9-11 Dust and Health Effects


COLUMBUS, Ohio. (Ivanhoe Newswire)— It was the worst act of terrorism in our country’s history and the deadliest day ever for first responders. Of the 2,700 people killed in New York City, more than 400 were firefighters, paramedics, and police officers. In the 19 years since, more than 200 first responders have died after a chronic illness. More on what researchers are now looking for as they study the remains of Ground Zero and 9-11 dust.

These are scenes most of us will never forget. Now, scientists from Ohio State and New York University are examining dust from Ground Zero to learn more about the potential health effects on first responders. Researchers are taking the dust which contains asbestos and heavy metals and aerosolizing it to test the effect on lab rats.

“We expose animals to the dust at specific concentrations which would be similar to what a first responder would’ve been exposed to on the day that the towers collapsed,” explained  Loren Wold, PhD, FAHA, Assistant Dean for Biological Research at The Ohio State University.

(Read Full Interview)

Then the scientists will examine the animals’ hearts to measure any potential changes from the dust exposure. Wold says many first responders who were in their thirties and forties at the time of the attacks are now having cardiovascular problems.

“What they’re now seeing are these cardiac complications, lung issues, as well as the early onset neurodegenerative issues,” elaborated Wold.

Wold says one month in the life of a rat represents about one human year, giving researchers a potential window into how World Trade Center dust could have impacted people over time.

The research team says they can also use this information in the future to study particulates in the air, after other natural disasters like bridge collapses or earthquakes.

Contributors to this news report include: Cyndy McGrath, Executive & Field Producer; Kirk Manson, Videographer; Roque Correa, Editor.

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REPORT:       MB #4787

BACKGROUND: More than 600,000 Americans die of heart disease each year. Heart disease refers to several types of heart conditions, for example, coronary artery disease, which can cause a heart attack. Other kinds of heart disease may involve the valves in the heart, or the heart may not pump well and cause heart failure. Then, there are some people born with heart disease. Anyone, including children, can develop heart disease. It occurs when plaque builds up in your arteries. When this happens, your arteries can narrow over time, reducing blood flow to the heart. Smoking, eating an unhealthy diet, and not getting enough exercise all increase your risk for having heart disease, as well as high cholesterol, high blood, pressure, and diabetes.

(Source: https://www.cdc.gov/heartdisease/docs/ConsumerEd_HeartDisease.pdf?s_cid=cs_3605)

9/11 HEART HEALTH RESEARCH: Research has begun to uncover ways in which the 9/11 aftermath has altered the hearts and minds of those affected. Respiratory illnesses were among the first reported health issues, which were characterized by chronic coughing and wheezing. Another common complaint was acid reflux, along with sleep apnea and sinus problems that often led to blocked upper airways. Many of these problems were attributed to the collapse of the towers filling the air with numerous carcinogenic particles and chemicals, including asbestos and fiberglass. Only more recently has research shown a link between the dust and cardiovascular health. Other studies published this year in JAMA Oncology found the firefighters that were on scene have a heightened risk of developing multiple myeloma, a blood cancer. They also have a greater chance of being diagnosed with prostate cancer, thyroid cancer and melanoma in years to come.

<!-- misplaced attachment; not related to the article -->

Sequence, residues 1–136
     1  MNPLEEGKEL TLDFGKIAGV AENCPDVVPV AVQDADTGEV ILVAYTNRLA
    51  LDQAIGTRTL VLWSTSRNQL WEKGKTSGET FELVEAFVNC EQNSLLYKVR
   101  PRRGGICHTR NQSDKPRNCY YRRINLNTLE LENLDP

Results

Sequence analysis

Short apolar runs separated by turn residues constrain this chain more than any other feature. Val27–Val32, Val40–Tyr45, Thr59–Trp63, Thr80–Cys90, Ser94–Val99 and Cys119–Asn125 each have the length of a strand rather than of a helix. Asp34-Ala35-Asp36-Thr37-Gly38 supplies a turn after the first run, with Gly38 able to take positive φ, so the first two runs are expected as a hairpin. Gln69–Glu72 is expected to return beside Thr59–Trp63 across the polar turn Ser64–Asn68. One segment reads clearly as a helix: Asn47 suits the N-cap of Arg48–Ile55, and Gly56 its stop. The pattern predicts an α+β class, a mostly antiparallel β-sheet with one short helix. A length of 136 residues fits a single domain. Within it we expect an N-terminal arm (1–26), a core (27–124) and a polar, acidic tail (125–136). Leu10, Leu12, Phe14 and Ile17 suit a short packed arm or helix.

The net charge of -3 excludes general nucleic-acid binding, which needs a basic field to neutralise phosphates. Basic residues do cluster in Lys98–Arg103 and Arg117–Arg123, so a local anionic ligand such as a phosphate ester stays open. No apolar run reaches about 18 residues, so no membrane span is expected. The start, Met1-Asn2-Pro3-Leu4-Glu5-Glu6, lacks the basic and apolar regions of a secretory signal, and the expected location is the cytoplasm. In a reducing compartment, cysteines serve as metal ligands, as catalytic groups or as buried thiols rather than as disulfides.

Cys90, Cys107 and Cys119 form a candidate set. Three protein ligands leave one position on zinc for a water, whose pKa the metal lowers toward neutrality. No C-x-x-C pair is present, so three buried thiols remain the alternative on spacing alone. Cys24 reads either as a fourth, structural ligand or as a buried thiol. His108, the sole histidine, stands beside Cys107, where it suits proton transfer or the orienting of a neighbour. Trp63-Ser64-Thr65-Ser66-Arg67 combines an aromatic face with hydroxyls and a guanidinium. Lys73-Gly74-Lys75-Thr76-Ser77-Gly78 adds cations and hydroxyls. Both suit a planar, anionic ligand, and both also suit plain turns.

(Source: https://www.heart.org/en/news/2018/09/04/heart-health-research-of-911-survivors-slowly-realized-17-years-later)

ADVANCES IN TREATMENT: High-tech implants and heart pumps can help check how your heart is doing in real time, so you can adjust your medications if needed. Research on new blood and genetic testing may soon make it easier for doctors to diagnose heart failure earlier or spot who’s most at risk. “Heart failure is no longer about ‘failure,’” says Clyde W. Yancy, MD, chief of cardiology at Northwestern University. “The array of medical and device therapies, and the insight we now have regarding prevention, makes this both a preventable and treatable condition.” Another advance is reconstruction surgery, which can reshape the heart, so it pumps blood easier. Your doctor may be able to repair the valves which makes the heart smaller, allowing it to work better.

(Source: https://www.webmd.com/heart-disease/heart-failure/heart-care-16/heart-failure-treatment-advances)




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Doctor Q and A

Read the entire Doctor Q&A for Loren Wold, PhD, FAHA, Assistant Dean for Biological Research

Read the entire Q&A